MADISON, Wisc. -- When Sharp Corp. announced in March its partnership with Hon Hai (also known as Foxconn), the world’s largest contract manufacturer, the decision by Japan’s leading LCD maker generated a torrent of criticism among those who still want to believe in Japan’s manufacturing prowess and high-tech superiority. Critics characterized the Sharp-Hon Hai agreement as outright betrayal; Japan was selling its soul to Taiwan.
But others praised Sharp for its boldness. I happen to be one of them.
The deal meant that Sharp had swallowed its pride as one of Japan’s old-line manufacturers, and is now committed to the new normal in the global electronics manufacturing market. It wants to find a new path to survival. I view Sharp as one of the first Japanese companies to have awakened to new realities.
Fast forward to August, 2012.
The deal unveiled in March – which Sharp and Hon Hai had already been negotiating for much of the previous year – is nowhere close to closure. So far, Sharp hasn’t seen a dime from Hon Hai.
Instead, over the last 10 days, we’ve been witnessing daily spats between the two companies, with Hon Hai saying that the company didn't need to honor a March 27 agreement to acquire 10% of Sharp at 550 yen per share, while Sharp insisted that the March agreement was still valid.
Originally billed as an historic collaboration between Taiwan and Japan, the agreement has turned into the sort of public theater that nobody in the electronics industry has seen for a long
The latest rift between Sharp and Hon Hai illustrates a disturbing lack of basic communication skills between two Asian companies. But more disconcerting is what seems like the lack of discipline and mutual respect between them.
Sharp, now in major damage-control mode, is saying that the company is "proceeding with various talks to make effective the agreement on a tie-up we signed with Hon Hai in March." While both companies now say that the deal is being re-negotiated (Hon Hai says that the revised deal will be announced at the end of this month), the structure of the new agreement remains far from clear.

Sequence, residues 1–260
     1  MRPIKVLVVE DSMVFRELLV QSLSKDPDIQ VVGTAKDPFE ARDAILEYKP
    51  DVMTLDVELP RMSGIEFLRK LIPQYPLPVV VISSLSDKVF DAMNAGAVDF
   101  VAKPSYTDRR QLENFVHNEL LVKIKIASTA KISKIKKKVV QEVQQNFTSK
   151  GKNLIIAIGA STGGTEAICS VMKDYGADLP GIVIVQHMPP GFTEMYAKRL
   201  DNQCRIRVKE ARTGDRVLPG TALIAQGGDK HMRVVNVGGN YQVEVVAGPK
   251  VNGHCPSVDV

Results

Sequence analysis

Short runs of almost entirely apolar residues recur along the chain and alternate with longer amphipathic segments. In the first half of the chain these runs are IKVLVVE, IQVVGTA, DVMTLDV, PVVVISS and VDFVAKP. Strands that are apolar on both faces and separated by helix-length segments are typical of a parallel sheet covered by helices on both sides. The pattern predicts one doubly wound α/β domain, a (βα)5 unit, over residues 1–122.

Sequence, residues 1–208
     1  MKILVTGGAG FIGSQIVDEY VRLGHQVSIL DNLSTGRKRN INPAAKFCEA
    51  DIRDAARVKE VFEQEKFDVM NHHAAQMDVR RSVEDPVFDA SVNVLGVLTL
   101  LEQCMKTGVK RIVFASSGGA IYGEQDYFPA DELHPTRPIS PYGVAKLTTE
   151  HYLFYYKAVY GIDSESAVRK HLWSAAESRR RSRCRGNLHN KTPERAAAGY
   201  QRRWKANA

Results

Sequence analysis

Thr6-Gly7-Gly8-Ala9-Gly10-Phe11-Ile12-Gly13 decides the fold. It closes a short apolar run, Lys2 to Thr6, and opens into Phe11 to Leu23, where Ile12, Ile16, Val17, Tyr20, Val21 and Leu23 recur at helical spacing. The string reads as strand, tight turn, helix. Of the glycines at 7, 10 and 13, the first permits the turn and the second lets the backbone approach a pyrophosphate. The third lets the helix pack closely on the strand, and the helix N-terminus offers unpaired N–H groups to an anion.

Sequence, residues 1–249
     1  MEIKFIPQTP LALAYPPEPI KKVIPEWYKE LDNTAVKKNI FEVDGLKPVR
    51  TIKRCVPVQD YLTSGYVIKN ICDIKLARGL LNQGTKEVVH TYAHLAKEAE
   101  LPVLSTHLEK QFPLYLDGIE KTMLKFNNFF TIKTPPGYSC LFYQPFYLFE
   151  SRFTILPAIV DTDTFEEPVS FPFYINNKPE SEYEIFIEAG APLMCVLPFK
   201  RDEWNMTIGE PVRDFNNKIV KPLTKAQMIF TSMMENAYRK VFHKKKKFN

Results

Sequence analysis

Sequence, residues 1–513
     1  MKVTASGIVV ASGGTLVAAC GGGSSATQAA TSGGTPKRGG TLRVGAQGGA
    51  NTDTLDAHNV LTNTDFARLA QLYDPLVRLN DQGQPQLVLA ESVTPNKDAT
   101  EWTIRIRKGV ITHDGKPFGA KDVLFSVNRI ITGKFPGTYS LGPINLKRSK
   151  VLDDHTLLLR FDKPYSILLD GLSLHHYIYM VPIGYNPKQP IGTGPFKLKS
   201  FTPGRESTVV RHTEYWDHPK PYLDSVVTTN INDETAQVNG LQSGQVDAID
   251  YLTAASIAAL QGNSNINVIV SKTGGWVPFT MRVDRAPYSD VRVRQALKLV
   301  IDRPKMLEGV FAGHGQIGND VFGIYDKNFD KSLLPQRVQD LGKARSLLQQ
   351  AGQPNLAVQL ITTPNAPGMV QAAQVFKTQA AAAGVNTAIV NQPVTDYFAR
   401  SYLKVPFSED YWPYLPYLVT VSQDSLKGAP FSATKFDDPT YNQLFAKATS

What has gone wrong?
But before examining what went wrong between the two companies, let’s recap the initial deal announced by the two companies in March.
Sharp and Hon Hai agreed to Hon Hai’s taking a 9.9 percent stake in Sharp, while the Taiwanese firm's billionaire founder Terry Gou invested his own money into Sharp’s Sakai fab – gaining a 46.5 percent share. The Sakai fab – opened in 2009, capable of handling super-large glass substrates – is considered an important milestone in LCD panel production but it has been struggling with a disappointingly low run rate.
Central to the current disagreement between the two companies is a dramatic slide in Sharp’s stock price.
Hon Hai agreed on March 27 to pay 550 yen per share to acquire a 9.9% stake in Sharp by the end of March 2013. But the Japanese manufacturer's stock later fell to about one-third of the price that the two sides had agreed on.
Hon Hai Chairman Gou reportedly took this revolting development in stride at first, saying he didn't care about short-term losses in Sharp's stock price. But on Aug. 3, he suddenly announced that the two companies had agreed to review the purchase price. Sharp quickly denied agreeing to renegotiate, thus exposing the rift and revealing the shaky ground on which the original agreement now stands.